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Magnetic flux

Electromagnetic induction is the process of applying magnetic fields to create electric currents in metal conductors. It is used in power generators to generate electricity as well as transformers to increase or decrease voltages.

The magnetic flux ($$\phi$$) gives an indication of the intensity of a magnetic field through a surface (such as a plane or a hemisphere) that the field penetrates.

The magnetic flux through an area is given by: $$$\phi=BA \cos \theta$$$ $$\phi$$ is the magnetic flux, $$B$$ is the magnetic flux density, $$\cos \theta$$ gives the flux density that is normal (i.e. perpendicular) to the surface and $$A$$ is the area of the surface.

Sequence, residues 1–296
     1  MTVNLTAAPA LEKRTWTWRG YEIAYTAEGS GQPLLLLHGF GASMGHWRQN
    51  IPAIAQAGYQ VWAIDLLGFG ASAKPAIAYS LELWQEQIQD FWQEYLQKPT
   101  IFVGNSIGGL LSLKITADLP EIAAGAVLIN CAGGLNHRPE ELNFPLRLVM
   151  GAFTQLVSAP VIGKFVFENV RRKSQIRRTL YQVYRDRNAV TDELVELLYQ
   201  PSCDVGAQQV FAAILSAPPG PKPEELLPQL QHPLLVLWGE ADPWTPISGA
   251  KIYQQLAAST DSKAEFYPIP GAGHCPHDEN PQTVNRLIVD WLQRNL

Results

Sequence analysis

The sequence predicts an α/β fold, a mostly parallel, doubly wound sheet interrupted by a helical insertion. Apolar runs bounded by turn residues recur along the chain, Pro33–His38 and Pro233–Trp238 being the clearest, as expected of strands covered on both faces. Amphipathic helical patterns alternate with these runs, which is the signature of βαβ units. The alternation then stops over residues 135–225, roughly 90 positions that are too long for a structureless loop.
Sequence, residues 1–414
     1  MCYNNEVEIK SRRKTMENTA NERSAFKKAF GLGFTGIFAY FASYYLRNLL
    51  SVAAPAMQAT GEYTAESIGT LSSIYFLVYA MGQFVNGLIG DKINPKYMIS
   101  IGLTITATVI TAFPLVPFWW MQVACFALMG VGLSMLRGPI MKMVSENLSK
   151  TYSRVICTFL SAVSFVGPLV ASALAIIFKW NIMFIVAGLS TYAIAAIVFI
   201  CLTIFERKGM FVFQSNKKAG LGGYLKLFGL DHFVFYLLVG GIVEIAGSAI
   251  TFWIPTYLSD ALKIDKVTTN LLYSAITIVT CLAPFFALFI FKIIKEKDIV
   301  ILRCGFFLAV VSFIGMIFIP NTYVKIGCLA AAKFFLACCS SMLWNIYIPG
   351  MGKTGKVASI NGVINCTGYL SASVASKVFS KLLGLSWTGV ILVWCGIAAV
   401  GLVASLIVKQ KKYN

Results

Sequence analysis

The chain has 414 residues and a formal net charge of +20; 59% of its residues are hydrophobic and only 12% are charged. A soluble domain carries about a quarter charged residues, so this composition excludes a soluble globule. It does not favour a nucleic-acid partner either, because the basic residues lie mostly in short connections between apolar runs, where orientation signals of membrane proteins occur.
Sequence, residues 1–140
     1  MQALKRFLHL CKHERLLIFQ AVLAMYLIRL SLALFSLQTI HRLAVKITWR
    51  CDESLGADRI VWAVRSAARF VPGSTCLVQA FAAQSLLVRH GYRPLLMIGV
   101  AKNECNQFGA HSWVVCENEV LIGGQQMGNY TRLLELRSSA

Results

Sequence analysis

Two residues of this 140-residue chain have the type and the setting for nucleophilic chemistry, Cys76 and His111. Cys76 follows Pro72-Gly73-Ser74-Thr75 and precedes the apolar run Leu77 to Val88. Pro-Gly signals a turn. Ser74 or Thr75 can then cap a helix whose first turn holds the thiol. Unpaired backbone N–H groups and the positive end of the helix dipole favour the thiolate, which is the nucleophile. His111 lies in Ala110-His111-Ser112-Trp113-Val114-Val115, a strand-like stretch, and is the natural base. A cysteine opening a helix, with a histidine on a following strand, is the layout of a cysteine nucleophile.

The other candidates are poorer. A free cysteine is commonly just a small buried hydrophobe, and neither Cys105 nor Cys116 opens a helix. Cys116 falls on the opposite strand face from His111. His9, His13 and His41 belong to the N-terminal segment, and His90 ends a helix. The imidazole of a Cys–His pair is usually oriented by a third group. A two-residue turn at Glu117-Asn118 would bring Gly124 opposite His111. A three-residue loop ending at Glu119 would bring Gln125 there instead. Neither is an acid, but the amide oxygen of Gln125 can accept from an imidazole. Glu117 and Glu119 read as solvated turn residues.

The magnetic flux can be thought of as the total number of field lines that passes perpendicularly through a surface.

The SI unit of magnetic flux is the Weber ($$\text{Wb}$$). One weber is equivalent to one tesla metre squared ($$\text{Tm}^{2}$$)

The magnetic flux linkage through a coil is the sum of the magnetic flux through each turn of the coil (a coil is similar to a series of metal rings linked together).

The magnetic flux linkage through a coil of $$N$$ turns is given by: $$$\Phi=N\phi=NBA$$$ $$\Phi$$ is the magnetic flux linkage and $$\phi$$ is the magnetic flux through a single turn (ring) of the coil.